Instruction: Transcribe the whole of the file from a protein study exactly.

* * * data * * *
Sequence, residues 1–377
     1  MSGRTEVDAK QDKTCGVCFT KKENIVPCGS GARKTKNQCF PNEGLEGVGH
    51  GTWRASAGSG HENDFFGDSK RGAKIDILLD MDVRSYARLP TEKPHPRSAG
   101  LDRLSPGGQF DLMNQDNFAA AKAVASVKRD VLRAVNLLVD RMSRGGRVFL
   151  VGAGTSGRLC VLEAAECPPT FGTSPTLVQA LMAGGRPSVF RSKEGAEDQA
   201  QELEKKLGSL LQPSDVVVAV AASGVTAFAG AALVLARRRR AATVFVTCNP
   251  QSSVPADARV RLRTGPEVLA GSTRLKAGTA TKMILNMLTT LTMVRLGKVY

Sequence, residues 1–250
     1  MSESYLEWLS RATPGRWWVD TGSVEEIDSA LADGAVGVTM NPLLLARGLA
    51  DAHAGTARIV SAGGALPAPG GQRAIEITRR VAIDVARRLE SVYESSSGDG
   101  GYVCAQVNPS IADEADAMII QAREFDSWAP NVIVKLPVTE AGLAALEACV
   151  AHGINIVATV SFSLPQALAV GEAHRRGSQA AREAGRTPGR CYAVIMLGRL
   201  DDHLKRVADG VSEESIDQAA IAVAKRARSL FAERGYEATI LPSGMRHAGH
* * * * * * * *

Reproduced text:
Sequence, residues 1–377
     1  MSGRTEVDAK QDKTCGVCFT KKENIVPCGS GARKTKNQCF PNEGLEGVGH
    51  GTWRASAGSG HENDFFGDSK RGAKIDILLD MDVRSYARLP TEKPHPRSAG
   101  LDRLSPGGQF DLMNQDNFAA AKAVASVKRD VLRAVNLLVD RMSRGGRVFL
   151  VGAGTSGRLC VLEAAECPPT FGTSPTLVQA LMAGGRPSVF RSKEGAEDQA
   201  QELEKKLGSL LQPSDVVVAV AASGVTAFAG AALVLARRRR AATVFVTCNP
   251  QSSVPADARV RLRTGPEVLA GSTRLKAGTA TKMILNMLTT LTMVRLGKVY

Sequence, residues 1–250
     1  MSESYLEWLS RATPGRWWVD TGSVEEIDSA LADGAVGVTM NPLLLARGLA
    51  DAHAGTARIV SAGGALPAPG GQRAIEITRR VAIDVARRLE SVYESSSGDG
   101  GYVCAQVNPS IADEADAMII QAREFDSWAP NVIVKLPVTE AGLAALEACV
   151  AHGINIVATV SFSLPQALAV GEAHRRGSQA AREAGRTPGR CYAVIMLGRL
   201  DDHLKRVADG VSEESIDQAA IAVAKRARSL FAERGYEATI LPSGMRHAGH